With the economy on hold, there are lots of good (and some bad) construction projects currently frozen mid-construction, leaving a glaring rip in the urban fabric. As Woods Bagot New York Principal Jeffrey Holmes traveled to work every day, he contemplated these voids and wondered what could be done to make them more attractive and useful until developers resumed their projects. What he came up with is an urban 'Iceberg' made of recycled and recyclable materials that could be easily installed and would serve as a temporary and flexible space for any number of uses.
The ‘Icebergs’, as seen at Bustler, are designed to be versatile spaces with minimal infrastructure and construction requirements, serving as architectural placeholders rather than real buildings. Woods Bagot envisions the temporary installations that look high quality and could attract top-notch vendors while encouraging developers to start working again. The unique spaces could support a wide range of uses, like pop-up retail shops, exhibitions, cultural events, or even temporary spaces for non-profit start-ups. A special lighting system could project images and brand logos up on the peaks of the icebergs to advertise the space.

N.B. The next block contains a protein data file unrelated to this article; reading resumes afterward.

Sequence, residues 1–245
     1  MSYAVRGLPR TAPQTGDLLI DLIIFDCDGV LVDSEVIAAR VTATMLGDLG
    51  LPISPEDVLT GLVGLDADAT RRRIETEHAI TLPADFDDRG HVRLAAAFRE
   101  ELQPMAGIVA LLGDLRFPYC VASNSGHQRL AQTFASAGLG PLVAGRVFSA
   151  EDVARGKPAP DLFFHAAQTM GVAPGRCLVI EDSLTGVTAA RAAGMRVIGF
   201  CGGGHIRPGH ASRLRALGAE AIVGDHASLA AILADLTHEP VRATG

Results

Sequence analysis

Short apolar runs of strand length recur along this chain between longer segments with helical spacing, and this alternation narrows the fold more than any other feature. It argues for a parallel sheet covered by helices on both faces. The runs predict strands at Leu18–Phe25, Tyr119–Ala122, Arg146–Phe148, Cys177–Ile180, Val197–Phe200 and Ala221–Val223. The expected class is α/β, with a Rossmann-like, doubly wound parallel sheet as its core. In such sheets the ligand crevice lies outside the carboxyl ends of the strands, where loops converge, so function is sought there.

Woods Bagot conceived the space as a completely sustainable installation with “cradle to cradle” qualities — it’s made entirely from recycled, recyclable and reusable materials. The structure would be composed of a modular and reusable steel frame, which is wrapped in translucent polycarbonate panels at the ground level, then topped with a tent of super-lightweight ETFE. Design for the Icebergs also include the use of solar hot water and natural and active ventilation systems for both heating and cooling. Lightweight and modular, the Iceberg could easily be transported, assembled in a matter of days, and then at the end of its life disassembled and moved.
Photo credits: ©Woods Bagot